The road to achieve sustainable development goals and tackling climate change is an intellectual process. The Delhi Sustainable Development Summit 2015 was a milestone to map our common destiny.
The timing of the Delhi Sustainable Development Summit (DSDS) 2015 could not be more appropriate. The United Nations General Assembly (UNGA) is expected to adopt the new set of sustainable development goals in September 2015 and the climate negotiations (Conference of Parties - CoP21) will be held Paris later this year. "The IPCC reports have proved beyond doubt that if we don't take immediate measures, the future will be catastrophic. But climate change also offers an opportunity of co-benefits - investing in clean and affordable energy sources like solar and wind power can curb greenhouse gas emissions, and clean transportation systems such as trains and cycling can reduce air pollution woes and improve public health. DSDS 2015 is a reaffirmation of the support that The Energy and Resources Institute (TERI) received from across the globe," said Dr R K Pachauri, Director-General, TERI.
DSDS 2015 brought together 10 former Heads of State, three Nobel Laureates, 17 current and former Ministers from 14 countries and several current and former sub-national leaders, including the Chief Minister of Meghalaya and the Former Governor of California. The Summit also hosted 17 Thematic Tracks to engage with various stakeholders on specific aspects of the Summit theme - 'Sustainable Development Goals and Dealing with Climate Change'. Elaborating on the Summit theme, Dr Pachauri said the impacts of climate change are progressively increasing while affecting the environment and the ecosystem. He emphasized that climate change and sustainable development go hand-in-hand and should be dealt as twin challenges. He urged every individual to act as a missionary of knowledge and inspire people. "Delay in climate change mitigation shifts the burden from the present to the future, and if there is any delay in action, the cost and feasibility of the action will go beyond our reach," he said. Dr Pachauri added that the action points that were drawn from the numerous discussions and deliberations during the Summit would be formulated into a Vision Document leading up to the COP21 Summit.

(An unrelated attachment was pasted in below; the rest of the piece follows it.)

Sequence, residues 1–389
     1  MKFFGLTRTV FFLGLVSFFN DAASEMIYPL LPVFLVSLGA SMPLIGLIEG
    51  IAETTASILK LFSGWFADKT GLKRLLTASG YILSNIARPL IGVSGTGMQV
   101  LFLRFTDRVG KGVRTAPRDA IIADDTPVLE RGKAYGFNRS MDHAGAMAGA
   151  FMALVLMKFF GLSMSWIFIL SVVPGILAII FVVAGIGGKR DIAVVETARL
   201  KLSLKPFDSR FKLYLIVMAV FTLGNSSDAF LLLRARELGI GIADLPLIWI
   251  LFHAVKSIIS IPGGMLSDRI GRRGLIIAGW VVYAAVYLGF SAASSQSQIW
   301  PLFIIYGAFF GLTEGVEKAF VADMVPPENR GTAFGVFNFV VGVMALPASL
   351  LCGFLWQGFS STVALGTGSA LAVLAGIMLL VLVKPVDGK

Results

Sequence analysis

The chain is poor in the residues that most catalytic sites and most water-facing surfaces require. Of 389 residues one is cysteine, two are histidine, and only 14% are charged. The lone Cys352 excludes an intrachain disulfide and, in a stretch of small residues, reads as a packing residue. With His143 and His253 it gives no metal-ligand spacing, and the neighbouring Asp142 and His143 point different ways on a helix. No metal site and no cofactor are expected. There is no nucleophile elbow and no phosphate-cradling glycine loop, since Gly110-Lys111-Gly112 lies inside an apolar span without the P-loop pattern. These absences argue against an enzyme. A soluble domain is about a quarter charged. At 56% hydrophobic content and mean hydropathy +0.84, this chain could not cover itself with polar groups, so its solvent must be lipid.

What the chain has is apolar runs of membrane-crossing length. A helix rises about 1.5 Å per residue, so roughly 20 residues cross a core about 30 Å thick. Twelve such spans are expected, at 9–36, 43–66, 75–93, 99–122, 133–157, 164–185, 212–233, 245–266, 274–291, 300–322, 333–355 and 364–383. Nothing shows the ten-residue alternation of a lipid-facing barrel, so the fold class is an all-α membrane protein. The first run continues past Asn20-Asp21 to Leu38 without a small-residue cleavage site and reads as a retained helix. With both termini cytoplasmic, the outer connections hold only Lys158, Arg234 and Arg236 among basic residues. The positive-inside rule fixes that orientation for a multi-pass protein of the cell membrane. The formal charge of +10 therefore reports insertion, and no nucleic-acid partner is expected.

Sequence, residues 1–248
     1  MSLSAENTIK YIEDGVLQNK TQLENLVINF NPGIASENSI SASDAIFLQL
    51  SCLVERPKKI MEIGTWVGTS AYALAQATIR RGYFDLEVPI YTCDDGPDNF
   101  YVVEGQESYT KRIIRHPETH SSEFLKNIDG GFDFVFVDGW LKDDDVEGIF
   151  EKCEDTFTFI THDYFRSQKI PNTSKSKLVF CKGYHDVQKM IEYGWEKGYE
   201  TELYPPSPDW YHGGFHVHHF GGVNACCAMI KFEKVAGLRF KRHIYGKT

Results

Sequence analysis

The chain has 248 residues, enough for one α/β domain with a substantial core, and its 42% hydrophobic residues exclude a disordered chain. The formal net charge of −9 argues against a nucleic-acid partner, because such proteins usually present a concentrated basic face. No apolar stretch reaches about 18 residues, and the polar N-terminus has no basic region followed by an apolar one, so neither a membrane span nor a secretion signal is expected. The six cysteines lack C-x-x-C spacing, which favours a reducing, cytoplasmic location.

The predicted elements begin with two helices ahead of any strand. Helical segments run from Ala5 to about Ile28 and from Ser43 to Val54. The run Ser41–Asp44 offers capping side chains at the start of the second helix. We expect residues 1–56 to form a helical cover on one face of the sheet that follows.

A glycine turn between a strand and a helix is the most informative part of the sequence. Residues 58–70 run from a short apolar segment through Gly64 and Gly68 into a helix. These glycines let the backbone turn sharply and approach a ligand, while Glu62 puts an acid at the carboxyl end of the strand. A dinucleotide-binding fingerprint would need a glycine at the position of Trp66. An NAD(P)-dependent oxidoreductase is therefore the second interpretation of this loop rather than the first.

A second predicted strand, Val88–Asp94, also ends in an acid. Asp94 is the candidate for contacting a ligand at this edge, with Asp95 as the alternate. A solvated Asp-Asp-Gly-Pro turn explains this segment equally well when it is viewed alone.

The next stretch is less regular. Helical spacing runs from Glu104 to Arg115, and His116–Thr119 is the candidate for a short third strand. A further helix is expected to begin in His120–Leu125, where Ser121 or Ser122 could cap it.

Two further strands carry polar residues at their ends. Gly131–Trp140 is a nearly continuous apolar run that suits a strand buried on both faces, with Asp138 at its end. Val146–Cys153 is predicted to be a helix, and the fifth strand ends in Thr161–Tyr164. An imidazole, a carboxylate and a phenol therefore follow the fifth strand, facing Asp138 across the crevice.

Prof Jeffrey D Sachs, Director, The Earth Institute & Special Advisor to the UN Secretary-General, spoke about aiming at finalizing an agreement on climate change and emphasizing on developing a meaningful financial agreement, which underpins sustainable development. Citing the importance of the three major conventions to be held in 2015 - Addis Ababa (Third International Conference on Financing for Development), New York (The United Nations Summit for the adoption of the post-2015 Development Agenda) and Paris (Conference of Parties-21) - he highlighted the broad objectives of these summits as assuring the future of development (aid) processes like the USAID process, defining climate financing in terms of the $100 billion commitment, mobilizing private capital to scale up sustainable infrastructure, reforming the regulatory framework to prevent corruption and adhering to the 2Â°C upper limit.